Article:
While many listeners possibly know Californian-born vocalist/producer Chelonis R. Jones best as the vocalist and co-writer of Royksopp’s ’49 Percent’s single, he’s also an extremely prolific solo artist in his own right, with a backcatalogue of around 80 singles to his name on labels including Get Physical and Systematic. Now based in Europe, he’s also an established painter and visual artist, with his earliest 12â€ releases coming housed in sleeves constructed from original canvas prints fashioned by the artist. In the wake of 2009’s Chatterton, this fourth album The Prison Buffet sees Jones offering up a characteristically flamboyant electro-pop collection that fuses his eccentric and frequently barbed lyrics with a dark muscular rhythmic pulse that’s noticeably touched by classic Chicago house and electro influences.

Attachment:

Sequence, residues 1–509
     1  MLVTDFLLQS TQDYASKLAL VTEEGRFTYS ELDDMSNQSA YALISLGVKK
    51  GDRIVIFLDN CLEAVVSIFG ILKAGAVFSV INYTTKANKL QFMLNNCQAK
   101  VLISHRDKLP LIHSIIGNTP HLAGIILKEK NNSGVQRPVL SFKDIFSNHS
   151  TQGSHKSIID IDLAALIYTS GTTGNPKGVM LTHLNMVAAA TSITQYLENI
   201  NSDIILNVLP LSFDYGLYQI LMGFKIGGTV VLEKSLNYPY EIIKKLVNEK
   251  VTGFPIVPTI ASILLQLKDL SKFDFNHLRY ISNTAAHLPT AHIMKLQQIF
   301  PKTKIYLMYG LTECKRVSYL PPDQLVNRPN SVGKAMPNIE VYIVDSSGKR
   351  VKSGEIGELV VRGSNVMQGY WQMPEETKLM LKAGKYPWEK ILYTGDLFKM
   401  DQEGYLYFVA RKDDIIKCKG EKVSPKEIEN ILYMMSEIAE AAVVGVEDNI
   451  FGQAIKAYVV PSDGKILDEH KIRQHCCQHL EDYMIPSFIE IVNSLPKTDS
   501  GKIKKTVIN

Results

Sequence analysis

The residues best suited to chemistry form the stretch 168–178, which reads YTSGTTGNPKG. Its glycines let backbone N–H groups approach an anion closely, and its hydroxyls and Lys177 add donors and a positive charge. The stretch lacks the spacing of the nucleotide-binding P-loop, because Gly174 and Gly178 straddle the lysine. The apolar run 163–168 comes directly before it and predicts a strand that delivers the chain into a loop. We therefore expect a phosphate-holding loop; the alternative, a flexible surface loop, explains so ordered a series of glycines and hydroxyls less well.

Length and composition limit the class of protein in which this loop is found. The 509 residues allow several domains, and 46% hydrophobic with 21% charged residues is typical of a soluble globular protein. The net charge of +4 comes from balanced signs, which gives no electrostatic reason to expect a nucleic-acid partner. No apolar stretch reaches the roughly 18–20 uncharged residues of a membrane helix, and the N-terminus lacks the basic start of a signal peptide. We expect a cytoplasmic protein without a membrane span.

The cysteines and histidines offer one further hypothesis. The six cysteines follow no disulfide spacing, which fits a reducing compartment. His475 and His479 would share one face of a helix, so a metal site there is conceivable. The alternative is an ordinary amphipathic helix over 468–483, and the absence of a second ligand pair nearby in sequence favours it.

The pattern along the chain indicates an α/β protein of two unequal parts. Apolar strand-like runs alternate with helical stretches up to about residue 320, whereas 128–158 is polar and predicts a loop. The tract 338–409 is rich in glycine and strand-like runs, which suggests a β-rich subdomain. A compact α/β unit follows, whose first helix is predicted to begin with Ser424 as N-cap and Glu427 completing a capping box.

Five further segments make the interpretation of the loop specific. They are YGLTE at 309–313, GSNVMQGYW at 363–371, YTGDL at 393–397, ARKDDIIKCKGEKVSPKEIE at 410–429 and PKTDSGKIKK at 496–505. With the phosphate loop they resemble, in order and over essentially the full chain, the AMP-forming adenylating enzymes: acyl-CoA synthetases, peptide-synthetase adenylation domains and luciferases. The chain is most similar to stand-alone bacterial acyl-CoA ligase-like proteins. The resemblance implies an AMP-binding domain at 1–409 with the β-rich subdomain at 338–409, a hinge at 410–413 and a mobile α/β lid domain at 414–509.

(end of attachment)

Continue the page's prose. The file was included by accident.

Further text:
Opening track ‘(Non)sense’ sets the scene with one of this album’s more downbeat offerings, as Jones’ spoken word monologue describes the story of a runaway girl lost in LA against brooding synth-strings and shuffling cymbals, before ‘Pinwheel Piaf’ launches things straight out into crisp, throbbing tech-house, the relentlessly squelching sub-bass nicely counterpointing Jone’s soaring falsetto soul vocals. If there are occasional echoes of Matthew Dear’s more recent vocal-centred work here or perhaps even Green Velvet, they’re particularly brought out amidst the bleeping analogue synths and vampy tech-house stylings of ‘The Irritant (Brain Damage Club)’, while elsewhere ‘Dark Twain’ sees things entering more pop-centred waters as live drums and stripped-back analogue synths combine with Jone’s New Wave centred vocal to generate an atmosphere that’s not dissimilar to Hot Chip’s sheeny melancholy. Twisted, yet simultaneously classy.